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Damage Control Tips For a Workplace Disaster
Tuesday, September 11, 2012

Being a professional doesn't make anyone perfect. Mishaps can happen to anyone whether the situation is in or out of our control. Unfortunately, not everyone gets their own PR team to lessen the blow. If you find yourself in one of these embarrassing, awkward, or inappropriate situations, there are different approaches you can use to ease your way out.
And since turning back time isn't an option (no matter how hard we wish), not handling the situation the right way can add injury to insult.

Here are 5 tips to help you deal with a work move you wish didn't happen (but did):

1) Own up to it.

Shifting blame for an awkward situation only escalates the severity of it. By not acknowleding your fault up front, it makes for an even more difficult recovery. For others watching you avert the situation, it's like watching a collision. People can tell when you're either too ashamed to take responsibilty or attempting to be devious. Neither are good characteristics of a colleague and this could damage your reputation in the long run. Fess up and apologize when necessary.

2) Take immediate action.

Simply admitting fault doesn't cut it. You also have to the measures to rectify your actions. Leaving the situation be can harm your career. People will look at you differently no matter what so it's better to have look at your differently but still in a good way. Taking action shows that there is sincere regret or remorse for whatever damage you may have caused. What if you don't know what to do? It doesn't hurt to ask. In this case, it would show a great deal for your character to seek advice for fixing the situation.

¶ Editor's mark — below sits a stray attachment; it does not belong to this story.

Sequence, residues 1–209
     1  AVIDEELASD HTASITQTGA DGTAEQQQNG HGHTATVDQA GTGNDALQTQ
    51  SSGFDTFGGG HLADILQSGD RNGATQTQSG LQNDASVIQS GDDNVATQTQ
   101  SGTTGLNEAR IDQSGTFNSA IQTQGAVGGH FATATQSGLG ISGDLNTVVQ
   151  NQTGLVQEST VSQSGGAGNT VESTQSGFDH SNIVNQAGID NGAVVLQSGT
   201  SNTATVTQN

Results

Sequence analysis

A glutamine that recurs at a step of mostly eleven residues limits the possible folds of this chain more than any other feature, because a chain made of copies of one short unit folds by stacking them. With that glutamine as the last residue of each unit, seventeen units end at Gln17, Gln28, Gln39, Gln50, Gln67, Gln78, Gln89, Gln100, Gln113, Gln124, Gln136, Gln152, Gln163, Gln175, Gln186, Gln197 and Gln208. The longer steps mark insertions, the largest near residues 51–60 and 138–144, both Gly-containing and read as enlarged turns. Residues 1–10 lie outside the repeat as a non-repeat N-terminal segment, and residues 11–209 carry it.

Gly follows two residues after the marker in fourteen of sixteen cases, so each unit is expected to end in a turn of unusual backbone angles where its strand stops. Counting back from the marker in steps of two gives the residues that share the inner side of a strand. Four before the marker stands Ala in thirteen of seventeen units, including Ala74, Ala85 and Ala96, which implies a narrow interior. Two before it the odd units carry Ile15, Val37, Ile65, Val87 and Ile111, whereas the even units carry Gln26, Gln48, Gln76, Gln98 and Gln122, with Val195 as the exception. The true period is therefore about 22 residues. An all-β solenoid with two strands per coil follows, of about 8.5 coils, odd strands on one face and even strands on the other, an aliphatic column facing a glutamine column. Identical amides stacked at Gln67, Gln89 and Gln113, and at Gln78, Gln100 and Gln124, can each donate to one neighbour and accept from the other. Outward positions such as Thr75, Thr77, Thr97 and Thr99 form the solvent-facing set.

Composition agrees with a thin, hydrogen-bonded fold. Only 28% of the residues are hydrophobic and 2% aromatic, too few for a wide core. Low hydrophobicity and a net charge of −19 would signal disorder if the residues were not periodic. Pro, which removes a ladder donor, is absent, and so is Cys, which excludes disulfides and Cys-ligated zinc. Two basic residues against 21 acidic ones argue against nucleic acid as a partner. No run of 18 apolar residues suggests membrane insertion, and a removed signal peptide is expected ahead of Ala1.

3) Provide an explanation.

No context for your story means leaves your mistake open to interpretation--and that's not a good thing. In order for people to see your side of things, you have to be able to explain your reasons for doing what you did. Once they already know about it they're not going to forget so why let carry on making assumptions? Allow them to give you the benefit of the doubt but coming clean. As the old adage goes, "the truth will set you free."

4) Show growth.

Make it clear that you've learned something. Part of making mistakes is fixing them and learning from them. If you can't show that you were able to grasp the lesson resulting from your misjudgment people won't buy that you actually believe you did anything wrong. Problems are worse right after they happen and can only get better from there. Keep this in mind and try to make all the right moves there on out.

5) Do a follow up.

If the incident is still on your mind it's likely to also be others'. Check with them to reinforce the fact that your mistake is still something that you haven't just brushed off your shoulders. No matter what the severity, mistakes are something that should be taken as a lesson learned. That being the case, what you've learned should be apparent in your actions from that point on.
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